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Editor's Pick

The Myth of the Free-Market US Health Sector

Michael F. Cannon

Rena Conti, Richard Frank, and David Cutler recently published a very useful piece in the New England Journal of Medicine under the title, “The Myth of the Free Market for Pharmaceuticals.” Conti, Frank, and Cutler shatter the common myths that the United States has “largely unregulated prices” for medical care (Los Angeles Times) or is “one of the only developed countries where health care is left mostly to the free market” (The Economist).

The authors detail multiple ways that government intervenes in and distorts the pharmaceutical market and conclude, “The net effect of these deviations from the free‐​market ideal is that prices are high.” When drug manufacturers like Merck claim, “Congress has long been committed to a free‐​market approach based on market‐​driven prices,” these producers are merely trying to protect the government interventions that let them charge higher prices than would prevail in a free market.

This problem is not unique to the pharmaceutical industry but pervades the entire US health sector. In the new Cato Institute book The War on Prices (release date May 14), I contribute a chapter with the title, “Government Price Fixing Is the Rule in U.S. Health Care.” I explain that—contrary to industry propaganda that holds government price controls only result in inefficiently low prices—US medical prices are often high because government controls them. For example, “studies conducted in the USA generally conclude that price setting by a regulator…improved hospital financial stability.”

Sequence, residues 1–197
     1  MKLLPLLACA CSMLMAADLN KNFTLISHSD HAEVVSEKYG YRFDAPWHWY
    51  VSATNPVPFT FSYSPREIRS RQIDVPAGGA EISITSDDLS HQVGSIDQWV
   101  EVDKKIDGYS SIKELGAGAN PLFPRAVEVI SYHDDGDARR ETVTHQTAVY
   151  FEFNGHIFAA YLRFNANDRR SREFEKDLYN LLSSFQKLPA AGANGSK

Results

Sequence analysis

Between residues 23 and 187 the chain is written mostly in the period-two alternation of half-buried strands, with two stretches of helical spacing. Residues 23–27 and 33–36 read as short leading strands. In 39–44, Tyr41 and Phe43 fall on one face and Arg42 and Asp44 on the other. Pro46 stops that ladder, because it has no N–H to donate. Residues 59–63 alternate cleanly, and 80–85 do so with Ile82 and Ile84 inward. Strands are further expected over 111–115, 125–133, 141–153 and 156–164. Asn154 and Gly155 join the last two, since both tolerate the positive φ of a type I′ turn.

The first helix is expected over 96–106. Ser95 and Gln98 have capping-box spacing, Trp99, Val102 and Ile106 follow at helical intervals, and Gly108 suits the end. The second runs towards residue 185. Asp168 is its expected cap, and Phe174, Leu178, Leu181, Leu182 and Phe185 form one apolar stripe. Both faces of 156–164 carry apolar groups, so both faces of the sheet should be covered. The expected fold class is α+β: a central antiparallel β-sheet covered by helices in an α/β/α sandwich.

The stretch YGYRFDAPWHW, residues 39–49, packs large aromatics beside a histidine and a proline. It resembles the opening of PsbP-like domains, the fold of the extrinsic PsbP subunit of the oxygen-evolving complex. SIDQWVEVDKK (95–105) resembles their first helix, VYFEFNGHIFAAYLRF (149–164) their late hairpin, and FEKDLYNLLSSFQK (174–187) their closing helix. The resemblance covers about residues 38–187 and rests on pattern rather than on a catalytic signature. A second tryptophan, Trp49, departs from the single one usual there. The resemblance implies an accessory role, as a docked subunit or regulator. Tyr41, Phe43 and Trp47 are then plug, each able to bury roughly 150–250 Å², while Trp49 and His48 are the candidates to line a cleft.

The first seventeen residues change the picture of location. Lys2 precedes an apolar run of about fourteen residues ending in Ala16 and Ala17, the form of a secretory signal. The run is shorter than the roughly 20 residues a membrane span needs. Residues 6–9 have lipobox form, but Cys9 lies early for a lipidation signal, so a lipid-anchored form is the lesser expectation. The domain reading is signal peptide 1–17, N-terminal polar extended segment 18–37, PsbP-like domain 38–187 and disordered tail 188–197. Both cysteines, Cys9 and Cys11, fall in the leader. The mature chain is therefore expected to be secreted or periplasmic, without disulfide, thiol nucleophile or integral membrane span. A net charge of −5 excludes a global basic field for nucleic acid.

Remember that the next time the hospital lobby comes calling.

The War on Prices 16x9

Still, it’s hard not to quibble with what Conti, Frank, and Cutler describe as some of the features of free markets.

When they write, “In free markets, consumers are assumed to be fully informed,” the passive voice betrays that they are conflating the concept of real‐​world free markets with the theoretical concept of perfectly competitive markets. Free markets can and do exist. In contrast, there are few markets, if any, that satisfy all the requirements for perfect competition. To conflate the two deprives the term free market of utility.

It is likewise imprecise to enumerate that drug ads “are often misleading,” that “most consumers are insured,” or that “doctors may be financially rewarded for using more expensive drugs even when less expensive drugs are equally effective” as among the pharmaceutical market’s “deviations from the free‐​market ideal.” As much as I like the authors’ main conclusion, misleading advertising, health insurance, and conflicts of interest would all exist in a free market. Indeed, misleading advertisements might indicate the market is too free because government is not doing its job of preventing producers from using fraud to overcome the will of consumers.

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